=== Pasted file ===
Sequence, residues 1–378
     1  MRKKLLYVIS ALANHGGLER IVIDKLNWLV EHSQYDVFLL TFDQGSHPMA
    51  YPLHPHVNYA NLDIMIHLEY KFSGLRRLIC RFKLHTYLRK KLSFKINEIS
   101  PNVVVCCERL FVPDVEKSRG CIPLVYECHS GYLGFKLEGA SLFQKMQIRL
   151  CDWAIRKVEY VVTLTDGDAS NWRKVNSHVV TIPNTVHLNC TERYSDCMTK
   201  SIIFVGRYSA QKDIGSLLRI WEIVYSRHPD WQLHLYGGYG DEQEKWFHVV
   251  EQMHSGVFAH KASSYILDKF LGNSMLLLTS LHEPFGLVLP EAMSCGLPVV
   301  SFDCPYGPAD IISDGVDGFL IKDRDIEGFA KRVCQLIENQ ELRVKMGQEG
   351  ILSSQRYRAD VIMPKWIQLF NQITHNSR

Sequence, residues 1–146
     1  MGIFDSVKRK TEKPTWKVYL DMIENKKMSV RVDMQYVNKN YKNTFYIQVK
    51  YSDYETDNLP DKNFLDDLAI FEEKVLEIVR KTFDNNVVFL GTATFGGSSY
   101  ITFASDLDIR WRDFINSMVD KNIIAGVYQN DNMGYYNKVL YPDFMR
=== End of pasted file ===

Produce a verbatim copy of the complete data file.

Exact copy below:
Sequence, residues 1–378
     1  MRKKLLYVIS ALANHGGLER IVIDKLNWLV EHSQYDVFLL TFDQGSHPMA
    51  YPLHPHVNYA NLDIMIHLEY KFSGLRRLIC RFKLHTYLRK KLSFKINEIS
   101  PNVVVCCERL FVPDVEKSRG CIPLVYECHS GYLGFKLEGA SLFQKMQIRL
   151  CDWAIRKVEY VVTLTDGDAS NWRKVNSHVV TIPNTVHLNC TERYSDCMTK
   201  SIIFVGRYSA QKDIGSLLRI WEIVYSRHPD WQLHLYGGYG DEQEKWFHVV
   251  EQMHSGVFAH KASSYILDKF LGNSMLLLTS LHEPFGLVLP EAMSCGLPVV
   301  SFDCPYGPAD IISDGVDGFL IKDRDIEGFA KRVCQLIENQ ELRVKMGQEG
   351  ILSSQRYRAD VIMPKWIQLF NQITHNSR

Sequence, residues 1–146
     1  MGIFDSVKRK TEKPTWKVYL DMIENKKMSV RVDMQYVNKN YKNTFYIQVK
    51  YSDYETDNLP DKNFLDDLAI FEEKVLEIVR KTFDNNVVFL GTATFGGSSY
   101  ITFASDLDIR WRDFINSMVD KNIIAGVYQN DNMGYYNKVL YPDFMR